by Quentin Wodon
Child marriage in developing countries remains pervasive. One-third of girls are married before age 18. That’s 39,000 girls each day, with 1 in 9 marrying before age 15. Among countries with the highest prevalence of child marriage, girls with three years of schooling or less are up to six times more likely to marry young than girls with secondary education. The causality runs both ways: child marriage reduces educational attainment, and, conversely, girls with less access to quality education are more likely to marry early.
Child marriage often constitutes a violation of the rights of girls who are encouraged or even forced to marry early. This practice is driven by poverty, cultural and social norms, and pervasive discrimination against girls. Early marriage forces girls into adulthood and, frequently, motherhood before they are emotionally or physically mature. It profoundly affects a girl’s life, not only by substantially lowering her education prospects, but also by causing health complications and harming psychological well-being.
These messages are at the core of a new World Bank Group report titled Voice and Agency: Empowering women and girls for shared prosperity. On the link between child marriage and education, the Voice and Agency report relies in part on results from a forthcoming World Bank study on child marriage and education. The study shows that the practice of child marriage remains highly prevalent around the world and is decreasing only slowly, not only in terms of the incidence of child marriage, but also in terms of measures such as the child marriage gap, which take into account how young girls are when they marry.
The study also shows that child marriage has a large negative effect on education attainment. Two approaches have been used to estimate this effect. The first relies on reasons mentioned by parents in surveys for why their children have dropped out of school. These studies suggest that child marriage may account in some countries for 10-20% of drop-outs among girls at the secondary level. The second approach relies on econometric techniques to jointly model the decisions to marry and go to school. These studies suggest that each additional year of delay in the age of (child) marriage may increase schooling by 0.22 years, the likelihood of literacy of 5.6 percentage points, and the likelihood of secondary school completion by 6.5 percentage points.
Why does child marriage remain so prevalent in many countries?
The incidence of child marriage varies substantially between regions and countries. Several socio-cultural factors appear to contribute to the persistence of the practice. Qualitative and survey data suggest that the root causes of child marriage include gender roles and social expectations, prevailing interpretations of faith traditions (whether those are correct or not – these interpretations are often not the same everywhere), and the fear of pregnancy before marriage.
Yet there are also major differences between areas within countries in the incidence of child marriage and the reasons for its persistence. This implies that policies and programs aiming to eliminate or curb the practice must adapt to local circumstances. The role of local traditional and religious leaders matters here, since these leaders are often influential in the lives of the communities, and their spiritual and moral guidance has a profound effect on daily life.
What can be done to curb this practice?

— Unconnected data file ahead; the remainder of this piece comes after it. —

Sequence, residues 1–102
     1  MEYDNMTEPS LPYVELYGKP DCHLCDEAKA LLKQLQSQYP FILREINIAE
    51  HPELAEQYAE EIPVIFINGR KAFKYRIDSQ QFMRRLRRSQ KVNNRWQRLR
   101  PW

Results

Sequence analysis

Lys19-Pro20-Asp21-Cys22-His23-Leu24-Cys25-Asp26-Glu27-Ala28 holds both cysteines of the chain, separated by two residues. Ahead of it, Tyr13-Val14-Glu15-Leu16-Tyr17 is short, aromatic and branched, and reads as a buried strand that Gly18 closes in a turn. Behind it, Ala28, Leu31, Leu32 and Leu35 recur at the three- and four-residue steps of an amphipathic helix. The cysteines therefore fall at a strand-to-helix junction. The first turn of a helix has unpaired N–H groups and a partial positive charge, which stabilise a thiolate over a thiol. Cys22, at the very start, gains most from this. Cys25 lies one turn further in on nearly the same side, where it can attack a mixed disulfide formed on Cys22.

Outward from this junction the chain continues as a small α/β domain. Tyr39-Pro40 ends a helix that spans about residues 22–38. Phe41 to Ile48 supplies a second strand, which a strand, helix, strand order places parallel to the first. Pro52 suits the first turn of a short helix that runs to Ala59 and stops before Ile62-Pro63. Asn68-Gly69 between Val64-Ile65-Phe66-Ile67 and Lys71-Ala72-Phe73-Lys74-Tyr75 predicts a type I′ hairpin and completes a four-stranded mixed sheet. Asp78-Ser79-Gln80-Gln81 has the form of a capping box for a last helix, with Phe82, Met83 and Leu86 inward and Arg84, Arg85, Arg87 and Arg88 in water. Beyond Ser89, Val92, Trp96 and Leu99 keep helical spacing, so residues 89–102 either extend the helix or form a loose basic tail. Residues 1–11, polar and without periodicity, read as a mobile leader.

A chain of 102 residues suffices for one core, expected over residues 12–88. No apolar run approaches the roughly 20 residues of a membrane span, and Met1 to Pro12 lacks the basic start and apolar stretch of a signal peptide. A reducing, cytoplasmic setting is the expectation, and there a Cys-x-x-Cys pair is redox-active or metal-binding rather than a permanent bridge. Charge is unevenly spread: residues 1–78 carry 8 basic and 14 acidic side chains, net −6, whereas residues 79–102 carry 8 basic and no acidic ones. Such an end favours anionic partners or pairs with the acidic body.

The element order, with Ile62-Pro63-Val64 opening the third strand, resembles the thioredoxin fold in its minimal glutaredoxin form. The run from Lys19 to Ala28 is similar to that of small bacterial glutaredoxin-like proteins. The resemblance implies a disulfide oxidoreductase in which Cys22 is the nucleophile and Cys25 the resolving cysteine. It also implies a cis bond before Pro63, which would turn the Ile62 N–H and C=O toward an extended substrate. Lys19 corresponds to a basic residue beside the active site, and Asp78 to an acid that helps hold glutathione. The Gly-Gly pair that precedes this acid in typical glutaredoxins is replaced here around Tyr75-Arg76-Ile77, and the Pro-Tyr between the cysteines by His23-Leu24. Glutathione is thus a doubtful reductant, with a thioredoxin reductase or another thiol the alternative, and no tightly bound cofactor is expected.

In many countries, laws have been adopted to prevent marriage below 18 years of age, but they are often not well-enforced. Laws are needed, but they are not enough. Interventions to reduce the cost of schooling and improve school quality are also required. Apart from cultural and religious factors, the cost of schooling and the poor quality of secondary education, together with limited employment prospects for girls, are among the factors that lead to child marriage.
Cash transfers may make schooling more affordable for girls and thereby reduce child marriage indirectly through their effect on schooling. Other education interventions—such as building secondary schools to reduce the distance to schools or providing public transportation to schools, as well as improving the quality of education—may also have beneficial indirect effects on child marriage.
In addition, some states and countries have piloted cash or in-kind transfers conditional on not getting married, with positive impacts. In Ethiopia the Berhane Hewan program provides income-earning projects for families sending their daughters to school. A pregnant ewe is presented to the girl and her family at graduation. In the state of Haryana in India the program Apni Beti Apna Dhan (Our Daughter, Our Wealth) provides financial incentives to parents if their daughter remains unmarried until age 18. Incentives include an immediate cash grant upon birth and a long-term savings bond redeemable on the girl’s 18th birthday, with additional bonuses for education.
Better and safer job opportunities for girls may also reduce child marriage substantially, as may better access to basic infrastructure (water, electricity), which frees up time spent doing domestic chores and thereby facilitates schooling. But again, recognizing that traditions and culture play an important role in the persistence of the practice, and enabling traditional and faith leaders to be part of the discussion, are also crucial. Overall, eliminating child marriage truly requires multi-sectoral policies that go beyond education alone. Still, focusing on education is a great start.
Note: this post is reproduced with minor changes from a post on the Education for Global Development blog of the World Bank available at http://blogs.worldbank.org/education/